42

I work in an office that has few to no spare desks at the best of times. It is rammed!

However, there tend to be desks within the office that are free (due to holiday, business travel, working from home) but people are reluctant to sit at them as they do not know that they are free.

We have tried making colleagues aware that they should take a 'hot-desk' laminate from reception when vacant and put it on their desk. This didn't work as expected as people either didn't comply, or the signage wasn't obvious enough among the sea of desks.

I was wondering if you have encountered ways/ can think of ways that people can let others know that their desk will be vacant - whether the following day or part of the day - to help keep usage of office space as efficient as possible.

5
  • 32
    You can get 12 hour 'hourglasses', could you just leave one on each desk to flip over in the morning? Sand left = desk in use Jan 22 '20 at 10:54
  • 3
    @AaronF then you just have the reverse problem - people forgetting (or failing to comply with a requirement) to remove the "no hot-desking" sign when they'll be away.
    – Steve
    Jan 22 '20 at 11:23
  • Just curious, who are the people not having a fix desk? It must be a small group of people only, perhaps they are not in the office most of their working time? This could lead to a more specialized solution.
    – puck
    Jan 22 '20 at 12:57
  • 1
    @J... this can often occur when people are out of the office most of the time (think Sales Reps). A pool of desks is used for hot desking and it becomes a problem when more people are in (eg for a conference/meeting) than available desks. If it's an every-day issue, then there's definitely a problem; perhaps the business is expanding quicker than their office space allows.
    – freedomn-m
    Jan 22 '20 at 13:04
  • @puck We have a large workforce that are based across multiple sites throughout the UK. So we have visitors from them every day. Coincided with that we work with many 3rd parties, who frequently work out of the office. Jan 23 '20 at 11:43

11 Answers 11

63

Standing flag

they should take a 'hot-desk' laminate from reception when vacant and put it on their desk

Instead of going elsewhere to get a sign, keep a sign at every desk.

For visibility, make it a toy-sized flag in a stand or something else vertical.

  • When someone sits, they take down the flag.
  • When the person departs, they raise the flag.

The flag never leaves the desk.

Seeing the flag laying on the desk flat should be sufficient reminder to the departing person to raise the flag. But if the departing person forgets, a neighbor nearby having seen the departure can raise the flag.

If the desks are usually dedicated to a specific person, put the flag away in a drawer. When that person plans an absence, they can pull the flag from the drawer for display on the desk. If calling-in sick, any other person can pull the flag out of the drawer as well, taking only a moment without hardly a thought.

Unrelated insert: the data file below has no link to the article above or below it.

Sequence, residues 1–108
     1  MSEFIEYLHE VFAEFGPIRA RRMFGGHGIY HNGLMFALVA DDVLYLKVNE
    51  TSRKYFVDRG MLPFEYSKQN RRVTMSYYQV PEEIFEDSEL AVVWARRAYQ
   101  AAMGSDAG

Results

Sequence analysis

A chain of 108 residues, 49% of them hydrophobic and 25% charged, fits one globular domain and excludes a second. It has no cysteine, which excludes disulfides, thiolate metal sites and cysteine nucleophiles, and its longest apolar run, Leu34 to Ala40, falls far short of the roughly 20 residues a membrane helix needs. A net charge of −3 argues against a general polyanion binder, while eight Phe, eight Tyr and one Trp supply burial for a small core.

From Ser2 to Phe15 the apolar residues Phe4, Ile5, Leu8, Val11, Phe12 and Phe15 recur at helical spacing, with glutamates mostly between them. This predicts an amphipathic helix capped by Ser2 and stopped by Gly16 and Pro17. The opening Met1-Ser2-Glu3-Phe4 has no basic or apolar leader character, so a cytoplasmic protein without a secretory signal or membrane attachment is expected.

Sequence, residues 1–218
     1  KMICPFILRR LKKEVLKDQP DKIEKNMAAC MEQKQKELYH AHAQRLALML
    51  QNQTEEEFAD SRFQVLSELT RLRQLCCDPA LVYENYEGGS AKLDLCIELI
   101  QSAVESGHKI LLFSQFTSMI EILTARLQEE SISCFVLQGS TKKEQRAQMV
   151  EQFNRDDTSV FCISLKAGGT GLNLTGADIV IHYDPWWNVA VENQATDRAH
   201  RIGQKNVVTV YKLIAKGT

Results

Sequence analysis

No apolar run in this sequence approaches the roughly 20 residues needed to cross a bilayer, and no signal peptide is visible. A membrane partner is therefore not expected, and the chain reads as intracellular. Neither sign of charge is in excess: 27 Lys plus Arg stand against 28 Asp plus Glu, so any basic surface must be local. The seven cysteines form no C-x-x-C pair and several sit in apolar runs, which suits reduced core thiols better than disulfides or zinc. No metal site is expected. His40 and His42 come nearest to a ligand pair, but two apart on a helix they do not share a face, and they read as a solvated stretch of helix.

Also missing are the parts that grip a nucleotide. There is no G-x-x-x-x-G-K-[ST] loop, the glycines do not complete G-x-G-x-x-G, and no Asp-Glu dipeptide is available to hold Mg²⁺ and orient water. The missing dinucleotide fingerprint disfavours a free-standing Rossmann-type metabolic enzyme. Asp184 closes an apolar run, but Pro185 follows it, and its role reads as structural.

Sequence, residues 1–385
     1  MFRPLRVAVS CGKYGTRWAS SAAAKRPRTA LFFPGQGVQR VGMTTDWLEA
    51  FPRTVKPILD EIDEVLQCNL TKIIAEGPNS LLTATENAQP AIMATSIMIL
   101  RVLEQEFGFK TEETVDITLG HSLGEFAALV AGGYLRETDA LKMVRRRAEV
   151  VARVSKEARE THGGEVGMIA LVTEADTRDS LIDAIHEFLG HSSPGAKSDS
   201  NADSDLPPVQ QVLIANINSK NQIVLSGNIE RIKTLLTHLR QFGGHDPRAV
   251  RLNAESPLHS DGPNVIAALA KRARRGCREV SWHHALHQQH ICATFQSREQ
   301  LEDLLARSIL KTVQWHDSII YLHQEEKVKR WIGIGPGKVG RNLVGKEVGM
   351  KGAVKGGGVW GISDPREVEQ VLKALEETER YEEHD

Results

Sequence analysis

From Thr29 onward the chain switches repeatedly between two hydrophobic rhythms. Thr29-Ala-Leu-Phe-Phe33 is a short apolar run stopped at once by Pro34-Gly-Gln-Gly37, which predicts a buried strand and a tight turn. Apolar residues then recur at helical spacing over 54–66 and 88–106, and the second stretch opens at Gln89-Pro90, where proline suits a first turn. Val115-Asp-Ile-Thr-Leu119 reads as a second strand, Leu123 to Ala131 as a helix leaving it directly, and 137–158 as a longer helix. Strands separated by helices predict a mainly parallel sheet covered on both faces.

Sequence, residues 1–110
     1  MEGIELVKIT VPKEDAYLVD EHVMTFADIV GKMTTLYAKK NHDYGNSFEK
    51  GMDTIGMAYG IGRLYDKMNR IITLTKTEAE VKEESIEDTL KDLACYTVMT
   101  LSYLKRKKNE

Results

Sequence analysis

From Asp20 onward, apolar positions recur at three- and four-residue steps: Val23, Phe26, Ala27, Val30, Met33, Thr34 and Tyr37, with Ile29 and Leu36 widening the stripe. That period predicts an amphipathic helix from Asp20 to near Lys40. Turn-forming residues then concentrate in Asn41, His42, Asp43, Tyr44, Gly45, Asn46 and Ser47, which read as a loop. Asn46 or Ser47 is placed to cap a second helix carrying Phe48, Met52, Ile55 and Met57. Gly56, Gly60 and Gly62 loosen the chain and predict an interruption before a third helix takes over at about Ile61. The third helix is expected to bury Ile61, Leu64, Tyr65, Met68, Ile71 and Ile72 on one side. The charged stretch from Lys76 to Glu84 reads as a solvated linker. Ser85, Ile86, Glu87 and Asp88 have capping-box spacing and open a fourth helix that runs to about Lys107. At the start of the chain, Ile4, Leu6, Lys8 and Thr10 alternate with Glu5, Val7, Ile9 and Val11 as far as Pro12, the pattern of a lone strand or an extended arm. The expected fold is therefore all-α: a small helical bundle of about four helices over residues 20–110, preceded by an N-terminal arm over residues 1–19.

10
  • What about forgetting the flag?
    – Mast
    Jan 22 '20 at 7:42
  • @Mast just have a box of a few flags for the floor and you grab one to put up. Or do you mean forgetting to put it up? In that case nothing will ever work if you are just going to forget.
    – Tom Bowen
    Jan 22 '20 at 8:58
  • 21
    This is common in many marinas -- every berth has a red sign; when you're going on an extended cruise you flip it to green (and possibly write your expected return date with a grease pen). Simple, effective.
    – KlaymenDK
    Jan 22 '20 at 12:35
  • 10
    I think the primary point of this answer isn't the standing flag, but that the status stays with the desk. A card that has "free for hot desking" (and maybe coloured green) on one side and "unavailable" (coloured red) on the other would do just fine; but now you have the ability to see the state of any desk at a glance; and can change it without effort.
    – UKMonkey
    Jan 22 '20 at 14:33
  • 4
    I want to create a completely over-engineered solution where employee phones use NFC to automatically tell when a user last used which desk and to see which desks are "reserved" and vacant, just because I love over-engineering solutions to the point of absurdity.
    – MechMK1
    Jan 23 '20 at 9:54
37

When we're not in the office, we leave a sign that says "This desk is available for hot-desking". I don't think you need anything else than that. If you want to be more specific, mention when you'll be back.

7
  • 13
    +1, but make CERTAIN that if you're logged in remotely to the desktop machine, that your guest colleague understands this and doesn't e.g. unplug the network cable. I would also keep (or know where to find) cleaning products, for the occasion when you come back and find the office slob has been using it.
    – Justin
    Jan 21 '20 at 12:46
  • 2
    And the sign could just be a small whiteboard with a date as to which the desk won't be available anymore. Jan 21 '20 at 12:51
  • 1
    We have tried this method but people are either forgetful or too lazy at the end of the day to comply. Jan 21 '20 at 12:54
  • 2
    @user180146 we still have it in place and have done for a year. The problem was the idea was initially just sent out as an email to all and hasn't been spoken about since. Feel it just needs enforcing but was curious to see if others had any other suggestions. Jan 21 '20 at 13:39
  • 4
    It sounds like they have to get up and go somewhere to get the laminate? Maybe have one at every desk that they can just flip over when they leave.
    – jmathew
    Jan 21 '20 at 22:26
7

You can set up desks in an outlook calendar and book openings that way. Have ongoing "meetings" for your desks, and set the availability for when your desks will be unoccupied

5
  • 5
    I feel like this would get unmanagable, with more than 20 desks. OP describes " sea of desks.". which to me says 40+ Jan 21 '20 at 21:17